I will reiterate what economic calculation is, or the theory of economic coordination: it is the means by which individuals allocate the means of production, by individual valuation guided by the pricing process and constrained by profit and loss. In other words, coordination theory essentially looks at how the economy operates; how millions of individuals, each with different and oftentimes contradictory objectives, bring about market harmony. Not emphasized by the focus on coordination are the crucial forces of discoordination (or, disequilibrating forces, if you prefer); these are, nonetheless, another aspect of economic calculation, or coordination theory.
Do only socialist economics lack economic coordination? This is the claim that LK essentially makes when he balks at Austrians who accuse him of not understanding “economic calculation.”
If economic calculation describes the private allocation of economic goods, then government spending must necessarily be outside the scope of economic calculation (or coordination). That this is true is by the public nature of government. Government disrupts economic calculation. It does this through the distribution of wealth (a non-market method of distribution of wealth), through outright public spending, or by skewing individuals’ value rankings (by, for example, subsidizing products). That government is not within the scope of coordination theory does not really say anything with regards to whether it is good or not.
Before we can judge the merits of government spending we need to answer the following questions:
- Do we know how the private economy works?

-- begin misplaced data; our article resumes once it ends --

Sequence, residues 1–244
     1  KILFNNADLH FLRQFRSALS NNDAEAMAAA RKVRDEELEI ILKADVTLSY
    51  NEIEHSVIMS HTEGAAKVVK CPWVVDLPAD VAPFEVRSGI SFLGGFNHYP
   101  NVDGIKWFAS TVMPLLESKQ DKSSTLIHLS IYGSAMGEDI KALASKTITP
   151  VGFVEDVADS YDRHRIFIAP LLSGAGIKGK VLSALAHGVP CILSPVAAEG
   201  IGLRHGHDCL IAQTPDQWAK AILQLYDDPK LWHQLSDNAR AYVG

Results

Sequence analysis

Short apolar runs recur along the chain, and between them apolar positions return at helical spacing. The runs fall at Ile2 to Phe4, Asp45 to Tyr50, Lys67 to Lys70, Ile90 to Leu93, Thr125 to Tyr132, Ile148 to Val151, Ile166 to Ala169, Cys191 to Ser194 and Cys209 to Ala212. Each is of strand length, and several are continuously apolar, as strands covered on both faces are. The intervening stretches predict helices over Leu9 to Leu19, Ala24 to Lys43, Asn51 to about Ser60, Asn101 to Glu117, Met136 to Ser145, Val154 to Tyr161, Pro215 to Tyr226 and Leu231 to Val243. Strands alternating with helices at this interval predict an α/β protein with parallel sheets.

- Do we know where the private economy (market process) fails?
- If the market process fails at a given point, is the government an adequate solution?
The stage of the debate is still at question one, since an Austrian will accuse others of not knowing how the private economy (market process) works (much like Hayek accused Keynes of not knowing). For instance, an Austrian will tell a Keynesian that the market does not fail at intertemporal allocation, whereas a Keynesian (at least one loyal to Keynes’ business cycle theory) will tell you that it does. Others might tell you that the market fails where there is imperfect information or imperfect competition, with varying degree of specificity. The varying degrees of specificity come in depending on how much each economist understands that the market is a process. The details of specificity are up for debate, which is still within the realm of the first question.
Economists like LK need to understand, though, where exactly Austrians stand on the debate with regards to question 1. So far, he has shown that he does not. When Austrians refer to “economic calculation,” they are referring to a very broad set of economic theory which describes the forces of coordination and discoordination which characterize the market process. It is theory which describes the working of a market economy, or an economy in which the means of production are privately owned.
The same is true the other way around. I feel as if few Austrians truly understand where Keynes, for instance, stood on economic coordination. Most Austrians or quasi-Austrians interpret Keynes in the same vein as “vulgar Keynesianism.” This is not so. Keynes, and many economists before and after him who were/are not Austrians, held a particular economic perspective that is actually much more complicated than Austrians perceive. That is why when most Austrians give a caricature of Keynesian economics they end up undermining their own arguments. Everyone has jumped to answer questions 2 and 3, when the debate on 1 was never finished.
Even considering the fact that all sides need to shape up a bit, I hope that non-Austrians will walk away from this post with a better understanding of what “economic calculation” is (at least, under an Austrian lens). Economic calculation is more than just business cycle theory; it is a term that encompasses all of catallactic theory (that is, theory of exchange). It deals with the market economy and the allocation of the means of production. To an Austrian, economic calculation is the meat and bones of economic theory, in that it forms the structure around which all other catallactic theory revolves around. There is still much to disagree with — I am sure that many will disagree with this post itself —, but the first step to solving a disagreement is understanding where your opponent is coming from.